Studies and surveys indicate that more than half of the men in the United States have not seen a doctor in over a year. Men just don’t go to the doctor as often as they should. Why is getting a man to see a doctor such a problem? And how, as a health care practitioner, can you get your male patients to see the light?
An attitude adjustment is needed. Most men, especially those between the ages of 20 and 50, ignore their health. They feel fine, and therefore think they must be healthy. If patients miss regular health examinations, they are missing the opportunity to deal with problems that may exist but that they don’t know about. They are also missing the opportunity to deal with problems before they arise. They are not able to address issues such as diet, exercise, weight control, stress, alcohol consumption, family history of disease, and insomnia.
Top excuses men give for not seeing a doctor regularly:
- I feel fine
- I work out; I’m healthy
- My dad doesn’t go to the doctor. Why should I?
- Fear of examinations (especially the rectal exam)
- Fear of testicular exam
- Fear of being called out (drinking, diet, not exercising, smoking)
Men need to relate to their health care like they do to their cars; they know they need to change the oil, get their car tuned regularly, and keep it clean and waxed. So how do we fix the problem? Women generally establish medical relationships earlier in adulthood than men. They need to be seen annually by a gynecologist and generally have that relationship in place around the age of 18. Once men “graduate” from the pediatrician’s office, they feel that there is no longer a need for annual care, and they disconnect. This could be a good place to build a foundation. Family practice physicians could make an effort to work with pediatric physicians to form a transition plan for both male and female patients. But what to do about the men out there already today who ignore their health? Within your practice you can promote men’s health by being an advocate through the male and female patients who come to your office. A simple flyer or brochure that your existing patients can take home to a husband, father, or son could help. Make it visible in your examination room that men’s health matters. You might consider taking your flyer or brochure and distributing copies to your local health clubs and nearby corporations.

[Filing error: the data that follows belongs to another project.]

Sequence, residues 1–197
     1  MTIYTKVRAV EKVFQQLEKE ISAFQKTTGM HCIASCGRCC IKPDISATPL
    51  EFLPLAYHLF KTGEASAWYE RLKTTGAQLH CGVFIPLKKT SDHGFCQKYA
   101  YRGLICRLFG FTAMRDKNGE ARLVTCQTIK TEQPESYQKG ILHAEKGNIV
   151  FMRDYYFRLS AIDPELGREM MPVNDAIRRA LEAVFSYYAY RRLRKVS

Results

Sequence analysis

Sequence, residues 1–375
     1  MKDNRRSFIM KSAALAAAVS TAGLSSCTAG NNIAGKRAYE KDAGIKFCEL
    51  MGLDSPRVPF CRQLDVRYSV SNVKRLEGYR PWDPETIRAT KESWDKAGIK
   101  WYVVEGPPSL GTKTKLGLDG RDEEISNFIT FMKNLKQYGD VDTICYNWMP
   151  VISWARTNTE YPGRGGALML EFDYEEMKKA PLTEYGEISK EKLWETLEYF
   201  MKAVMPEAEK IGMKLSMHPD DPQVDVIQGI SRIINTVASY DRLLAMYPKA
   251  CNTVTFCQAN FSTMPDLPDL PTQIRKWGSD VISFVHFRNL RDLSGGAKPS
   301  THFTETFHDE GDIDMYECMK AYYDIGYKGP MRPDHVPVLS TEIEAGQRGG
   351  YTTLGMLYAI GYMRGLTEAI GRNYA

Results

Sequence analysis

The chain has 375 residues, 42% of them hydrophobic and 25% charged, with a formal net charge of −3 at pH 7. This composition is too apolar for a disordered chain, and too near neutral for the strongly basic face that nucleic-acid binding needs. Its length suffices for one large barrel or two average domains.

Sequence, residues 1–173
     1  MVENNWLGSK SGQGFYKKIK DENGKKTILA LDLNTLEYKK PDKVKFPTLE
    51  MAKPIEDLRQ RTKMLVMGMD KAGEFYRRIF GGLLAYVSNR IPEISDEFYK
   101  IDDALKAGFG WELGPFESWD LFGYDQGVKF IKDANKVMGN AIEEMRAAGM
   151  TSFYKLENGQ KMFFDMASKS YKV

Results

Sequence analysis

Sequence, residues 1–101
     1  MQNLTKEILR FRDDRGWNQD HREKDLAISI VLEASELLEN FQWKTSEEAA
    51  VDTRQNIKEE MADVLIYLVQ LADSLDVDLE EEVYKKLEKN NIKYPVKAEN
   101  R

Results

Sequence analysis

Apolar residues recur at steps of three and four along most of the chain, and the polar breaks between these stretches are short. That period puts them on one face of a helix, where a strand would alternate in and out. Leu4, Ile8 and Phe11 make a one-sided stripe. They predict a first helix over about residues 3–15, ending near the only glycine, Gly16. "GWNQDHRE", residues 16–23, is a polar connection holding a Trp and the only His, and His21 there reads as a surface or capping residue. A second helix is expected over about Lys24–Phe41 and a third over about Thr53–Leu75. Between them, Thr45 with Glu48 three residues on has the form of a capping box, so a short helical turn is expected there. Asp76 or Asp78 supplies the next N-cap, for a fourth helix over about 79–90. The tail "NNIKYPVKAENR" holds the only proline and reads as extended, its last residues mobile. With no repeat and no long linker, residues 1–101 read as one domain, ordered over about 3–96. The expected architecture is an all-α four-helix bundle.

- Agency for Healthcare Research and Quality. Healthy men. http://www.ahrq.gov/healthymen. Includes guidelines, free information
- Centers for Disease Control and Prevention. Men’s health. http://www.cdc.gov/men/index.htm. A-Z topics on men’s health, men’s health fast stats
- Mayo Clinic. Men’s health. http://www.mayoclinic.com/health/mens-health/MY00394. Review of men’s health threats, free e-newsletter
- Men’s Health Month Organization. http://www.menshealthmonth.org/. Resources galore can be found here: free posters, flyers, screening guidelines, health facts
- Men’s Health Network. http://www.menshealthnetwork.org. Resource center, health prevention messages and tools